Monday, February 26, 2007
Did "Marie Antoinette" deserve more?
"The Academy hasn't picked the best film of the year as the Oscar winner in at least ten years, in my opinion, nor are they above handing the big prize to a film that's not only unworthy, but legitimately bad. [...] No matter which film walks away with Oscar -- whether it's Babel, The Departed, The Queen, Letters From Iwo Jima, or Little Miss Sunshine -- a really splendid work of art, Marie Antoinette, will go unrewarded.
Normally, this is the part of the piece where I would launch into how all the critics were wrong and I was right, but the odd thing about the oversight of Marie is that the major critics seemingly agree with me.
Released back in October, before the calculated late-December releases begin muscling their way into the voters' memories, Marie was greeted by an ebullient four-star review by Roger Ebert. The Los Angeles Times' Carina Chocano seconded, calling the film "startlingly original," which it is.
The Times A.O. Scott remarked -- "What to do for pleasure? Go see this movie, for starters."
The Washington Post, Salon.com, The Hollywood Reporter, The Philadelphia Enquirer, Entertainment Weekly, and smaller outlets like Slant.com all heaped praise on the film, and declared it to be among the best of the year.
Add in the pedigree of the director -- an important young filmmaker and prior Oscar winner, Sofia Coppola -- and it seems like the film would have been swept along by the tide until finally walking away the big winner tonight. Instead, the film will have only one opportunity to win an Oscar, in the throwaway category of Best Achievement in Costume Design. Yes, the costume work is good, but let's not kid ourselves -- it's a booby prize for a serious film, if it's won at all.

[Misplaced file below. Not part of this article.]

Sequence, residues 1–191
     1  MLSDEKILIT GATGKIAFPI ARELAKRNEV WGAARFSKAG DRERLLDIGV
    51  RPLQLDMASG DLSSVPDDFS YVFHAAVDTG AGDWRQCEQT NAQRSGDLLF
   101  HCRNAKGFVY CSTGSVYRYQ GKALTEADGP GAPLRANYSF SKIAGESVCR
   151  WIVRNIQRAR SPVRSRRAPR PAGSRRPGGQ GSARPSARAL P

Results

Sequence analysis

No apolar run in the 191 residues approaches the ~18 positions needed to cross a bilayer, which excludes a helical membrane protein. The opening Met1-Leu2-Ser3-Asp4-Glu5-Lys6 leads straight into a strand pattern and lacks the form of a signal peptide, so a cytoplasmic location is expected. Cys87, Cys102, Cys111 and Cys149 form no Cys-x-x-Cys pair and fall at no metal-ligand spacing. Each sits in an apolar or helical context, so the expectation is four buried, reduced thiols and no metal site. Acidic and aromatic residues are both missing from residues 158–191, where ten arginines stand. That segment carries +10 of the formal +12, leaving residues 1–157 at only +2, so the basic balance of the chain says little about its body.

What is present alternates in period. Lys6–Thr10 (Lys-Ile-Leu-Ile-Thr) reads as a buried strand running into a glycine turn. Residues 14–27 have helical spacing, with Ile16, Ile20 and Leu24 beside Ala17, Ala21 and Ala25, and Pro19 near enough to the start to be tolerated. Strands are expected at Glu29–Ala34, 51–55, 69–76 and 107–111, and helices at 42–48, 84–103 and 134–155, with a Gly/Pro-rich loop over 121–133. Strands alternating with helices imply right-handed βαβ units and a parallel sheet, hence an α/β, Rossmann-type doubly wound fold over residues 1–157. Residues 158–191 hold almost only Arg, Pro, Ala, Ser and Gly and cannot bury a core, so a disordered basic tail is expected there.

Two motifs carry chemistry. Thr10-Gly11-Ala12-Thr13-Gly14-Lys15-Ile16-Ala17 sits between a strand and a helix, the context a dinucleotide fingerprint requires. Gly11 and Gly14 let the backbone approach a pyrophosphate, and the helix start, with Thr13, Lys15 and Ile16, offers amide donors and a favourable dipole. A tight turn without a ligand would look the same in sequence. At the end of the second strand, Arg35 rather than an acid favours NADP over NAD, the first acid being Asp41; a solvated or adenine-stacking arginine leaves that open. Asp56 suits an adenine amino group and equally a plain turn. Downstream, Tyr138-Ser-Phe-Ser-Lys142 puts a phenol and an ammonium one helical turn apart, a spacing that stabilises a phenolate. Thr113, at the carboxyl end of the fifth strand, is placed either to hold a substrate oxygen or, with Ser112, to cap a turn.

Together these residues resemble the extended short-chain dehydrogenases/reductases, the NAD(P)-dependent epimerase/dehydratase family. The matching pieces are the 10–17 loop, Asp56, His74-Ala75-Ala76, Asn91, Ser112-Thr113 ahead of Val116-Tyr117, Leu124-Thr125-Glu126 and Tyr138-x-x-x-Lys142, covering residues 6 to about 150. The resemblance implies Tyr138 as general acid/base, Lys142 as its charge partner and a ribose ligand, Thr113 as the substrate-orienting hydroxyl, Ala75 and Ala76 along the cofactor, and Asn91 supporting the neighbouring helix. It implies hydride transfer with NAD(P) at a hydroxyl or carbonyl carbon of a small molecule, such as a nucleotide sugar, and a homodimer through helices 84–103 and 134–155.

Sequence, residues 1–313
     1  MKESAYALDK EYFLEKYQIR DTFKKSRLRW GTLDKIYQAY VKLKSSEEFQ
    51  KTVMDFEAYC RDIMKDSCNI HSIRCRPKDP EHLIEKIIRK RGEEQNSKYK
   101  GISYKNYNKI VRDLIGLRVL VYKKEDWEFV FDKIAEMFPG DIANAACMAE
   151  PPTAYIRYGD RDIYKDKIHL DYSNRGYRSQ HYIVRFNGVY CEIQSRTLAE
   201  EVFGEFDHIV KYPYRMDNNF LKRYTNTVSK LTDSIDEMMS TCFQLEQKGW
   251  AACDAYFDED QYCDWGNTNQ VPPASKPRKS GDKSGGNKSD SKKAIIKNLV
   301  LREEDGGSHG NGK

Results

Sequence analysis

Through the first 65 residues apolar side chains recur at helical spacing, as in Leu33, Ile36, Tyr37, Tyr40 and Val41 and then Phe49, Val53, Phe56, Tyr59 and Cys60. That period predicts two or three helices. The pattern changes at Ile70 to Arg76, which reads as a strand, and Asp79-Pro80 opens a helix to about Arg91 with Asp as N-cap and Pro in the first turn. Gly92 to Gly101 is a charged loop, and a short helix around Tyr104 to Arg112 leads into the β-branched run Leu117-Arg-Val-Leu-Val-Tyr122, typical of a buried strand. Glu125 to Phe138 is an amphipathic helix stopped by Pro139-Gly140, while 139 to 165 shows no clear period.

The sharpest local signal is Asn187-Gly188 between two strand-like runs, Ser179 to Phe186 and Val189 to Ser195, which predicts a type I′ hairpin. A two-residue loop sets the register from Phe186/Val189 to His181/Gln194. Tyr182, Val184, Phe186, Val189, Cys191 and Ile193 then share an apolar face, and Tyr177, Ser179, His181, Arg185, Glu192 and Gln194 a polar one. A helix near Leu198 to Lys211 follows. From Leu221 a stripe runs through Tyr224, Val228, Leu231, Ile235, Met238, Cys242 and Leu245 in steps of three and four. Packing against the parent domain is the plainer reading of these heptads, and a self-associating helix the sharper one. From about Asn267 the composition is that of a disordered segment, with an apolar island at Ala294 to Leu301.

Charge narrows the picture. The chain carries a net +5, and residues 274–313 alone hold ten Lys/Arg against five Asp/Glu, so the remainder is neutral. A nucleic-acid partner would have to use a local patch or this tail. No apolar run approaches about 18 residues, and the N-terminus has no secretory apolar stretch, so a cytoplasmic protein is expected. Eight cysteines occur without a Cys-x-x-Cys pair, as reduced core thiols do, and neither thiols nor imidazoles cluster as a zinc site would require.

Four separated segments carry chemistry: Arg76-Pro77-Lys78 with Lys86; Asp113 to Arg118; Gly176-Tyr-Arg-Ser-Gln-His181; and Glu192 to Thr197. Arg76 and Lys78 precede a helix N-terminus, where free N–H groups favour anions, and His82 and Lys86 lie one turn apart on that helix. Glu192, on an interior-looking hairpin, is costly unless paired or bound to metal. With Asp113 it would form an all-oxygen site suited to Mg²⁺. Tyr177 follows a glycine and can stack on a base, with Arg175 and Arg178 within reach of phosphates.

The most charitable explanation for why Marie was snubbed on the Best Picture and Best Director fronts this year would be that the Academy members have simply become too involved in 'protecting' the Awards from criticism. As we've seen this year with some Best Picture nominees, the studios are not above coopting the general media to more or less force the Academy to either nominate a desired film or be prepared to pay hell for it in 'Why did Film X get snubbed?' stories. The Academy is notoriously vulnerable to media pressures, and probably simply couldn't fit Marie in amongst all their more important considerations, like making sure Clint Eastwood, Martin Scorsese and other luminaries get their supposedly just desserts. [...]
A less charitable and more likely explanation is that the voters simply no longer pay enough attention to the tide of films that come rolling by each year to pick out the best ones. They have a foggy idea of what they are being bashed over the head to nominate, so they roll over without much of a fuss and nominated it. They know enough to zig where the Globes zag, but that's just a self-preservation instinct, not any sign of moxy. I have to tune in and watch the Oscars tonight, but don't mistake that for actually thinking that what we're covering is actually anything of great importance. It's high-school writ large -- the bullies and the popular kids will muscle their way onto the main stage, while the special kids will sit back in the shadows and wait to be recognized
later. The special, eggshell world created in "Marie Antoinette" is a remarkable filmic idea brought to life and one that doesn't need the stamp of approval of a bunch of 70-year old retired make-up stylists." -by Ryan Stewart.